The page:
DOC.
1
MANUSCRIPT ON SPECIAL RELATIVITY 49
kq
= q
d
dt
1
X
mC
d
N
mq2 mqq
HI
dt•
IJ^J
'
J
V
c
J
A
c
d_
dt
mq
+
mc
7
1
or
kq
=
d_
dt1
mc
1

7
...
(27a)
The
expression
within the brackets
on
the
right plays
the role of the
energy
E of the
moving
mass
point.
This
expression
E
=
mcl
. . .
(28)
N
i
q
c2
grows
to
infinity
when
q
approaches
the value
c;
thus,
it
would
require an
infinite
expenditure
of
energy
to
impart
the
velocity
c
to
the
body.
In order
to
see
that for
small velocities this
expression
turns
into that form Newton's
mechanics,
we
expand
the denominator in
powers
of
q2/c2
and obtain
E
=
mc2
+
m/2q2
+
...
. . .
(28')
The second
term
on
the
righthand
side is
the familiar
expression
for kinetic
energy
in classical mechanics. But what does the
first,
qindependent
term
signify?
To be
sure,
this does
not have,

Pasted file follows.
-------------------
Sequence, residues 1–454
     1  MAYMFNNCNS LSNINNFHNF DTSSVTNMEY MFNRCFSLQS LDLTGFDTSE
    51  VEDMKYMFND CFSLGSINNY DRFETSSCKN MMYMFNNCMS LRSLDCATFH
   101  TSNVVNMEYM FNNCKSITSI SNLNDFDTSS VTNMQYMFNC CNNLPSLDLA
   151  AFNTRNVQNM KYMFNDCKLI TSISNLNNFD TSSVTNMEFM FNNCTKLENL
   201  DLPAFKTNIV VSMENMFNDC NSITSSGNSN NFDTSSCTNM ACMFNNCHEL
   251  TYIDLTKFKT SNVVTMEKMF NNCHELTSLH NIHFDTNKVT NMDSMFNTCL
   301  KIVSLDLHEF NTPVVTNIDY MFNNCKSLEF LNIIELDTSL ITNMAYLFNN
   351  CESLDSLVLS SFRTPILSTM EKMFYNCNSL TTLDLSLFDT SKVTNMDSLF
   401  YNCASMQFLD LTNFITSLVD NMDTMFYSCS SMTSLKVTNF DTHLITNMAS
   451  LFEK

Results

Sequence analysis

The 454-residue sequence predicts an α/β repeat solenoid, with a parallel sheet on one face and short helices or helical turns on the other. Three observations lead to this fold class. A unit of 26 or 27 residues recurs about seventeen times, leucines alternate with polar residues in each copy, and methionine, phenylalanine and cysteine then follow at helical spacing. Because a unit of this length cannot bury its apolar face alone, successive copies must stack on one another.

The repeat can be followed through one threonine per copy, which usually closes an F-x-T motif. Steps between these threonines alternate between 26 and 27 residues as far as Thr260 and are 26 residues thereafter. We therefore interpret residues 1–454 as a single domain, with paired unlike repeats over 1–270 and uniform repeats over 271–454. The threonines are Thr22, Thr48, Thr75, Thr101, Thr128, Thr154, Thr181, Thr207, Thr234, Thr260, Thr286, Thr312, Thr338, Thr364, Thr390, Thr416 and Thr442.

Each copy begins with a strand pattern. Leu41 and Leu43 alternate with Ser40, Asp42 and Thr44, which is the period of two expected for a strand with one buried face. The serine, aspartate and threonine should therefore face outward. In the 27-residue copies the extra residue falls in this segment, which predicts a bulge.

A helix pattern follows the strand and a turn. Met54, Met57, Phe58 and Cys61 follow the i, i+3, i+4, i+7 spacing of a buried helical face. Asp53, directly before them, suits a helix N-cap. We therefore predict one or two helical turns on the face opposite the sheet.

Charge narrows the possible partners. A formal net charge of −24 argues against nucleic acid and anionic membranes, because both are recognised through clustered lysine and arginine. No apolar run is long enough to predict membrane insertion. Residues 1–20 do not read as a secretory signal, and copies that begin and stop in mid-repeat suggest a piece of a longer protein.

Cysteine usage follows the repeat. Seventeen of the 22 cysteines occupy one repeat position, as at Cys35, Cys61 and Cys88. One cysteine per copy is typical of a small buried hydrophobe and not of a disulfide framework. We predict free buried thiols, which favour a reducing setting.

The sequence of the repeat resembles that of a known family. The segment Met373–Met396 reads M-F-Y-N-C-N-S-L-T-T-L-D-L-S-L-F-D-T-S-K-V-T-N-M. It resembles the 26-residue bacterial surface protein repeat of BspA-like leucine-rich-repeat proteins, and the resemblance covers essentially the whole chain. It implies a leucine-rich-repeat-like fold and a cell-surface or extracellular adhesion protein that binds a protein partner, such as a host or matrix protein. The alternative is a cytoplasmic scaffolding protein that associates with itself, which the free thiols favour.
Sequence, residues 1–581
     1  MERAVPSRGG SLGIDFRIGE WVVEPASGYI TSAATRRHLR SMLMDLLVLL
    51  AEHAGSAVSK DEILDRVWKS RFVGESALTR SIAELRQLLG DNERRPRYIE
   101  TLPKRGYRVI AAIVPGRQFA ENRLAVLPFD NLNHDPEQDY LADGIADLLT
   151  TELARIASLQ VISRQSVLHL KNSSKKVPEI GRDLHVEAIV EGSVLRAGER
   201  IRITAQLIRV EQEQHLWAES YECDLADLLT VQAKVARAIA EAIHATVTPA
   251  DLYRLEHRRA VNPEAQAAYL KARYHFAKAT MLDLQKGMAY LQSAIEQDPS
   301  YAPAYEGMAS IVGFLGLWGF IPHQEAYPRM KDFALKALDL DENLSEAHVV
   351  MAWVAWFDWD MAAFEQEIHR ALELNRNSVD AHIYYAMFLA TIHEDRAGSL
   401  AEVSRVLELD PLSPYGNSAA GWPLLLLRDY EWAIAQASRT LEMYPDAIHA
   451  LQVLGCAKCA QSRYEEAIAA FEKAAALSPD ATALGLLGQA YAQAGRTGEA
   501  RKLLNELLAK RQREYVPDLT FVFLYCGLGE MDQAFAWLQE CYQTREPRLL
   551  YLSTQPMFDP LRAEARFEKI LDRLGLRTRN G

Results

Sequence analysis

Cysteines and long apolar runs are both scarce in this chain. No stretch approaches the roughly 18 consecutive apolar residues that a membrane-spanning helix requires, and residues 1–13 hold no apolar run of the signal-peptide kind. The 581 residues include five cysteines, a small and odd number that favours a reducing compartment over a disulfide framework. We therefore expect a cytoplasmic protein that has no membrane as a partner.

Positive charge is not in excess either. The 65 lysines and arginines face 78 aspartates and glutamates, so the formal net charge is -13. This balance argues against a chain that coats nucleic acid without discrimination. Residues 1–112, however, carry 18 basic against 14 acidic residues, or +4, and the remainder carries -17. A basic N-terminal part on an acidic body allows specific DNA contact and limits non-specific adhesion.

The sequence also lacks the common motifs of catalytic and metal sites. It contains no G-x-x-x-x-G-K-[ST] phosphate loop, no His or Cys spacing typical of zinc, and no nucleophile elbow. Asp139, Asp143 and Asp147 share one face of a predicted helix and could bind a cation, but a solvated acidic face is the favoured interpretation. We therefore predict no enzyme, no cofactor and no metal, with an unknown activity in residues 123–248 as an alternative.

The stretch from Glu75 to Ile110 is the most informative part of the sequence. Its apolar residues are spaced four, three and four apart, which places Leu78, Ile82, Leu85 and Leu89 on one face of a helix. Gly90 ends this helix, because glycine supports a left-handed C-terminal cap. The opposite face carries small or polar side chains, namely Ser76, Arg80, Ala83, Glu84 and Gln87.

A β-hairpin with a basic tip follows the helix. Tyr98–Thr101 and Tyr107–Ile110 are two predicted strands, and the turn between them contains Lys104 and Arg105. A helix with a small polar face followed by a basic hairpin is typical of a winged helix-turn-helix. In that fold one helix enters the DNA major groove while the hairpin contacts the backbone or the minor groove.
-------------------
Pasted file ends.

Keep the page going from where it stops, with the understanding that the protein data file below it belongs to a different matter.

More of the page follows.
strictly speaking, any legitimacy
here;
for
we
have
arbitrarily
omitted
an
additive
constant
in
(28).
But
on
the
other
hand,
a glance
at
(28)
shows
that the
term mc2 is
inseparably
linked
to
the second
term
of
the
expansion,
m/2q2.2
One is therefore
already
inclined
at
this
point
to
grant
a
real
significance
to
this
term
mc2,
to
view it
as
the
expression
for the
energy
of the
point
at rest.
According
to
this
conception,
we
would have
to
view
a body
with inertial
mass m as an energy
store
of
magnitude
mc2
("restenergy"
of the
body).
But
we can
change
the
restenergy
of
a
body, e.g., by
supplying
heat
to it.
Thus,
if
mc2
is
always
to
be
equal
to
the
rest–
energy
of the
body,
then the inertial
mass m
of
the
body
must
also
change during
this
warming,
with the
change amounting
to
AE/c2,
if AE denotes the
energy
increase
[p. 39]
produced by, e.g., warming.
We will show in
the next
§
that this latter
conse–